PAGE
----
The midrange driver is a 4.5” cone which covers 250Hz - 2.5KHz and the midrange performance is where I’ll start in my attempt to communicate what these monitors sound like. Looking for a really thick sounding recording to check out whether things get congested on the Type 20s I passed over my usual recordings with prominent electric pianos and settled on “Caramel” by Suzanne Vega, all deep vocals, clarinets and jazz guitar. The upper midrange just worked, very tidy without the crowding I’ve heard before using this track but this track did show the tendency of these monitors to favour deep bass over ‘knock” and for this reason when I came to mix on these monitors I decided to dial back the 50Hz low shelf by -2dB. This definitely helped my mixes but I’ll follow this with the caveat that bottom end issues are so room dependent that this should be seen as comment rather than criticism.
The AMT rIbbon tweeters have great transient response, they really catch every corner in the top end. The sound is towards the bright end of things, I’d characterise it as between a soft and a hard dome but with really great transient response. To see how things were at the boundary between the midrange and HF drivers I tried “Words Of Love” from Beatles For Sale as the twangy guitar is hilariously spiky around 2.5K, that’s right on the crossover between the mid and HF drivers and the Lineariser plug-in brings it up even more.
The Lineariser plug-in is a clever hybrid approach to DSP speaker correction taken by HEDD. Using electronics to correct the frequency response of speakers has happened for years, I first came across it in the amplifier cards for PA speakers built by d&b Audiotechnik but even the humble Bose 802 has used fixed EQ to correct speaker response. More recently it has become possible to correct for a speaker’s time domain performance and linear phase filters and crossovers have become a reality. This correction is usually incorporated into hardware in the speaker but HEDD have designed a free plug-in to correct the speaker’s response using the processing power already available in the host computer. This incurs some latency but at mixdown this is acceptable.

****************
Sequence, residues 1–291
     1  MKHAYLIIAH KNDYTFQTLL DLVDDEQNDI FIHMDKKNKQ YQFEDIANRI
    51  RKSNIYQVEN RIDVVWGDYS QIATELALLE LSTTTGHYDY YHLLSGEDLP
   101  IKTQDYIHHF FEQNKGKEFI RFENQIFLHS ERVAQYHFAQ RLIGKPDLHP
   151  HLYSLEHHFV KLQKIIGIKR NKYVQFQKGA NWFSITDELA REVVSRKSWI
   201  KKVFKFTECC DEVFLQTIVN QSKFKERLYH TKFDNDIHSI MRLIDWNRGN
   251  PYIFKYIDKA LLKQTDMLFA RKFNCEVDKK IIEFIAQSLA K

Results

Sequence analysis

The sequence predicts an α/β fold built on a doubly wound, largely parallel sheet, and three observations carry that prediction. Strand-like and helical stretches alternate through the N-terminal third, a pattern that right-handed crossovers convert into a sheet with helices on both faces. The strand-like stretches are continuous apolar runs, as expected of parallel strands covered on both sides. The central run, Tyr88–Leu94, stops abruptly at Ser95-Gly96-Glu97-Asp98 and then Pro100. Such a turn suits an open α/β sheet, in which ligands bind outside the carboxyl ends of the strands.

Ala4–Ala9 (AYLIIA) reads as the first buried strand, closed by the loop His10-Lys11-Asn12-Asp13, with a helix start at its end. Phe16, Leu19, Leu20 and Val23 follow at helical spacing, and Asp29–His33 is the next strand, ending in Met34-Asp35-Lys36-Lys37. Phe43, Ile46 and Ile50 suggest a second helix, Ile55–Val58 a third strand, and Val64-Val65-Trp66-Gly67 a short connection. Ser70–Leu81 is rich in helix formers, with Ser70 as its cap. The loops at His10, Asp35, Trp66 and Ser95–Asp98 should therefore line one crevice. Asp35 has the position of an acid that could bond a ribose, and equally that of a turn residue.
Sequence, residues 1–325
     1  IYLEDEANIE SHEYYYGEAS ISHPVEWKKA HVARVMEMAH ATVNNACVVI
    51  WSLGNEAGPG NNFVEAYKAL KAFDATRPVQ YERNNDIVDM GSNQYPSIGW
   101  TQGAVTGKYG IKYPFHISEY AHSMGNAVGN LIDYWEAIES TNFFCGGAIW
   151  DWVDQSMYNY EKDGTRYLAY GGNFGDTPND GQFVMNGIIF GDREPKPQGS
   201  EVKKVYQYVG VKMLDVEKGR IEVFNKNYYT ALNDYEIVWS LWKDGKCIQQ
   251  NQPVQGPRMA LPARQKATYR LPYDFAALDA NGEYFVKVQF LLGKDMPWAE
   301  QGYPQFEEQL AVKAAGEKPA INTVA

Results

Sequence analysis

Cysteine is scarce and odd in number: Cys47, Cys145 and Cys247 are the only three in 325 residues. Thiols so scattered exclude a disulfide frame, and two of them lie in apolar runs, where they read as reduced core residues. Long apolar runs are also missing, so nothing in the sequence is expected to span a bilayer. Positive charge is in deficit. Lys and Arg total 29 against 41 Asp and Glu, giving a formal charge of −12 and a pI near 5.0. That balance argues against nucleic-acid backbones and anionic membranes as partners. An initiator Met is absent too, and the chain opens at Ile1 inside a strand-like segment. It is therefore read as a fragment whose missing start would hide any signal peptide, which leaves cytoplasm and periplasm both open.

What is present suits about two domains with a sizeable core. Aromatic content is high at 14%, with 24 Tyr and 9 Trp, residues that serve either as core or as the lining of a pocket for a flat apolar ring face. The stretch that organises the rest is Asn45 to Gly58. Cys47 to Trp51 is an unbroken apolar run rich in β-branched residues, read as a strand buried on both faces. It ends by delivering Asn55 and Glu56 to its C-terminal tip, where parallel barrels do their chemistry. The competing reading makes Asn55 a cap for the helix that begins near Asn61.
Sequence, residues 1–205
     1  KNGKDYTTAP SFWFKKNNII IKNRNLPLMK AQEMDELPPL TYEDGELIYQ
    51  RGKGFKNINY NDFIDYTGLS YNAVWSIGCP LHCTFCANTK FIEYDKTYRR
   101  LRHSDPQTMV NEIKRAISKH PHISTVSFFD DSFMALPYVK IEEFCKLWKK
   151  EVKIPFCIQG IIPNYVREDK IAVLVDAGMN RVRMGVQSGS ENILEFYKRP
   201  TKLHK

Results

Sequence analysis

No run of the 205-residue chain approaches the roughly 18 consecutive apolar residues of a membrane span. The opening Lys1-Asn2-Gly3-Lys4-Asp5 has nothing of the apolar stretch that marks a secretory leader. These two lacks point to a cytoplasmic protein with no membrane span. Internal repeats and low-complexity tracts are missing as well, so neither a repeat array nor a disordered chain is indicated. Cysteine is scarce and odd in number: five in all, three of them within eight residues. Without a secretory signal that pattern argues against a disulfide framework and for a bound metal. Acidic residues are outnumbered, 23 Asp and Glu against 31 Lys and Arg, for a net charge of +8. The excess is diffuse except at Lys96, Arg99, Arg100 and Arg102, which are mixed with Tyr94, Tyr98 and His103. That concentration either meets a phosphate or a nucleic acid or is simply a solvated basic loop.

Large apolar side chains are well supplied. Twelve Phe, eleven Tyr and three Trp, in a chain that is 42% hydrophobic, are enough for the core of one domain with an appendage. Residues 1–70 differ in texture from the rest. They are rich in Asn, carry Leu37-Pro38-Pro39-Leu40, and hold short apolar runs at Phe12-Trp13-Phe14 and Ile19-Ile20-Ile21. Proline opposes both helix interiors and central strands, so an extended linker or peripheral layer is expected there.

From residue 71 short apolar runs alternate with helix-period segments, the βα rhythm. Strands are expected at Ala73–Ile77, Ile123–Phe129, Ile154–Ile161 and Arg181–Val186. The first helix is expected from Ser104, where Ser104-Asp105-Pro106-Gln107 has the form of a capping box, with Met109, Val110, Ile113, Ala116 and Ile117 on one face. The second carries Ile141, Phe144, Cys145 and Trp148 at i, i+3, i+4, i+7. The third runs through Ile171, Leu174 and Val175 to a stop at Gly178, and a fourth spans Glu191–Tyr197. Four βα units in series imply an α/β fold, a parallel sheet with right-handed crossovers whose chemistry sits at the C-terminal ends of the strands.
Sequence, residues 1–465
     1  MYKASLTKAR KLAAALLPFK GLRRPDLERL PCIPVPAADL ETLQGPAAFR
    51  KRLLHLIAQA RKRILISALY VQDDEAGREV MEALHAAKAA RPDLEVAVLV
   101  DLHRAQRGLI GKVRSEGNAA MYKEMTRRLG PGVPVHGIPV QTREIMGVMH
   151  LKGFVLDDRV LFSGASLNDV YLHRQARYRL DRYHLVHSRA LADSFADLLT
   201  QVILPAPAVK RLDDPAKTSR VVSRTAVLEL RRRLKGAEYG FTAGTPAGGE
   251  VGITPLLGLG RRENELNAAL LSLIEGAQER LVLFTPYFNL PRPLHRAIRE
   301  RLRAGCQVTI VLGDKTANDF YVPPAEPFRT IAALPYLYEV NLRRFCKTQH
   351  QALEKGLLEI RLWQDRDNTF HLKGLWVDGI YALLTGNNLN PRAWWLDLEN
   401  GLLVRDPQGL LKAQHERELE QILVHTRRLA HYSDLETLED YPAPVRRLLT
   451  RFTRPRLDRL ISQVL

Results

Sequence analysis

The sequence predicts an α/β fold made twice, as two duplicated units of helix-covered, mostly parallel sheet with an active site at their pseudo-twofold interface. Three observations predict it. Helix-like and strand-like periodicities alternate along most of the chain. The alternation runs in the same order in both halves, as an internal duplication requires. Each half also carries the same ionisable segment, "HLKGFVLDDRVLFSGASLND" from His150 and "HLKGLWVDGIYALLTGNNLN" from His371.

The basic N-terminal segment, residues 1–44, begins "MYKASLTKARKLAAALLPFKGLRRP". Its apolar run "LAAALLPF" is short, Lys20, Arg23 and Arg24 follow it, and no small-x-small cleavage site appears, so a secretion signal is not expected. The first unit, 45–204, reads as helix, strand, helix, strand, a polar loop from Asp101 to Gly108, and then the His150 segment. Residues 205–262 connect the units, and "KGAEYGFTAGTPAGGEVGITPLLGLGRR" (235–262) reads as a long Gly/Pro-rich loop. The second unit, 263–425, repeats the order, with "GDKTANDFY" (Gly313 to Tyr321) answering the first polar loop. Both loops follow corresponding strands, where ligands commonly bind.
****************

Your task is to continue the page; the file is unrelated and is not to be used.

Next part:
I tried the lineariser when I tried the type 05 and found the effect subtle but significant. On a three way speaker the effect is still subtle but more noticeable, something you notice more when you switch it off than when you switch it on. A necessary side effect of using the lineariser is that output drops by 9dB, apparently it needs the headroom for the processing but headroom isn’t lacking in this design with the aforementioned 3x 300W amplifiers per speaker.
Something I’ll usually try on a new pair of monitors is “Play Dead” by Bjork, a really good test track for high midrange/bottom of treble (4-6K) as there are bright strings competing with a snare and some very compressed crashes. Here the HEDDs do well translating something which can sound messy or harsh. A good sign. Imaging is solid and the sense of an airy top end which “takes the lid” off your audio is just as in evidence on the type 20s as it was with the Type 05s.
With all this listening to music (on a pair of speakers? Who would do such a thing?) how about mixing something? The experience of mixing on a different set of monitors is always a little odd, the difference between a set of monitors which suit you and ones which don’t is in how quickly you start to feel at home. As I’ve already mentioned, the bottom end wasn’t working for me in my room without some adjustment but once attended to, everything became comfortable very quickly. A couple of things which flag up that I’m not comfortable with my monitoring are changing my mind about the level of the snare in the mix, which must be about midrange performance, and judging the level of effects, which probably has more to do with top end performance. Both settled down very quickly and reverb tails in particular were easy to judge and seemed to translate back to my familiar old monitors predictably. These monitors were hard work to install (don’t lean and lift!) but were easy to get on with once installed.
HEDD clearly didn’t get lucky with the design of the Type 05. The Type 20 is a solid performer and at just under £3000 a pair are definitely worth a look of you are after something which is a step up from a pair of bookshelf sizes 2 way nearfields.